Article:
Pitch sequences have always been extremely interesting to me. Throwing pitches in an intelligent sequence is one tool which a pitcher has in order to gain a significant advantage over the batter. When I first started writing about batting eye this was one of the topics I thought would be interesting to look into. In fact one of the first comments I got was from Russell ‘Pizza Cutter’ Carleton asking when I was going to write about pitch sequences. I think that batting eye and selectivity are new tools which we can use to see what effect pitch sequence has on the batter’s ability to perceive the second pitch and their bias on whether to swing or not.
Before we start let’s lay out a few things. We’re going to look at two-strike counts (for reasons I’ve explained before) though only the second pitch in the sequence has to be with two strikes. As with the previous articles we’re going to stick with the four most common pitch types – change-ups, curveballs, four-seam fastballs and sliders. We’re looking at pitch-by-pitch data from the 2009 season (though I have also run the 2008 data and gotten very consistent results). I’m sticking to 2009 because I think that the pitch-fx pitch type classifications are much better for 2009.
Let’s start out by looking at change-ups. We saw in a previous article that change-ups are generally the easiest pitch to judge, with batters having the highest batting-eye scores, especially early in the count. I have highlighted the sequence with the highest batting eye score (best for the batter) in red and the lowest batting eye score (best for the pitcher) in blue.
The first thing that stands out here is throwing two change-ups in a row is probably not a great idea. Batters’ ability to perceive the change-up seems to improve significantly when the previous pitch was also a change-up. They are still quite biased on this sequence but their selectivity is also quite a bit higher for the second straight change-up. Interestingly the fastball is not the pitch that minimizes batting eye on change-ups. The curveball seems to make the change-up both harder to judge and leads to the biggest bias toward swinging. If you’re trying to make a batter swing at a bad pitch you would be well off to throw a curveball followed by a change-up.
Next let’s take a look at sliders. Overall the slider was the second easiest pitch for batters to judge (though it became much more difficult on full counts). How does the previous pitch type affect slider perception?
Once again we see that it’s probably not a good idea to throw two sliders in a row. Batting eye and selectivity both increase significantly when the pitcher throws two sliders in a row. There are not huge differences here among the other three pitches but it does seem like you get a slight advantage when the pitch before a slider is a fastball.
The curveball is generally the hardest pitch for batters to judge. It’s similar to the slider in that batters have more trouble picking it up on full counts (when they don’t expect the pitch) but is harder to judge overall. Let’s see what pitch sequence shows us here.
Unsurprisingly we see the same effect that we have seen in change-ups and sliders. Repeating a curveball makes it easier to perceive and makes the batter least biased. Interestingly, the curveball seems to be easier to perceive when following a slider as well. It seems like there’s actually quite a large benefit to the fastball-curveball combination. The batting eye score of 1.20 for this sequence is the lowest which we’ll see for any sequence of pitches.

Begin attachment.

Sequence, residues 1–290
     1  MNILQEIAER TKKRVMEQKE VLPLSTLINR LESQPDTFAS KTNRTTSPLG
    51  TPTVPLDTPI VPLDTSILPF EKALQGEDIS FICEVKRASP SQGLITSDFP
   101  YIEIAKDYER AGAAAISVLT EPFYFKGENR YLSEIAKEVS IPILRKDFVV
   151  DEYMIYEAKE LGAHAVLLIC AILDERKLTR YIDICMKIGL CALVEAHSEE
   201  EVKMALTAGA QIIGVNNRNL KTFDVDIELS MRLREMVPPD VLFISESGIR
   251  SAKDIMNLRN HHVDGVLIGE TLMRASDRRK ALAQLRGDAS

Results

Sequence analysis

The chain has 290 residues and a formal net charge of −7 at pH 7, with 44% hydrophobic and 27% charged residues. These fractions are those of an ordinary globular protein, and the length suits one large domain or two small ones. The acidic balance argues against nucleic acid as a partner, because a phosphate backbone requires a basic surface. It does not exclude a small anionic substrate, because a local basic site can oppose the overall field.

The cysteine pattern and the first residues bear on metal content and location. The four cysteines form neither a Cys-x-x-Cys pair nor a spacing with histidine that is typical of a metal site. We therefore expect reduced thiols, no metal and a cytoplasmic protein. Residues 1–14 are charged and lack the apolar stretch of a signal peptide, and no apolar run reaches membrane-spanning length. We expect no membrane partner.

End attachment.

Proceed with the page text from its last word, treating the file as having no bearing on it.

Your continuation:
I’ve saved the fastball for last and I think you’ll see why once we take a look at the chart. The fastball is the most common type of pitch thrown. Count didn’t really have that big of an effect on perception of fastballs though they did get a bump on full counts (because they are thought to be the easiest pitch to control and therefore batters expect them).
Here we see the complete opposite of the previous three types of pitches, the fastball actually is most difficult to perceive when it follows another fastball. Once again, change-up to fastball is not a very good combination for fooling batters. There doesn’t seem to be much difference in selectivity on fastballs based when it comes to pitch sequence. Slider-Fastball seems to be the combination that enables batters to see the fastball best.
In this article we’ve looked at the effect of pitch sequence on perception of pitches. We’ve seen that outside of fastballs it’s probably not beneficial to repeat pitches. We’ve also seen that, at least in terms of perception, fastball-change-up isn’t as beneficial of a combination as I expected. Maybe the effect will be seen in outcomes rather than swing behavior. After all, perception is just a part of what determines the effectiveness of pitch sequences. While a low batting-eye score is in the pitcher’s favor (and should enable them to get either more strikes looking, more strikes swinging at bad pitches or both) clearly the amount and quality of contact is extremely important as well.
I’ve got more work to do on the topic of pitch sequences. I want to break the sequences down further (incorporating number of balls as well). I also want to examine outcomes and see how they relate to swing behavior. I think that looking at individual players will be interesting as well (though limited sample sizes will make it a bit harder to draw any conclusions on that level).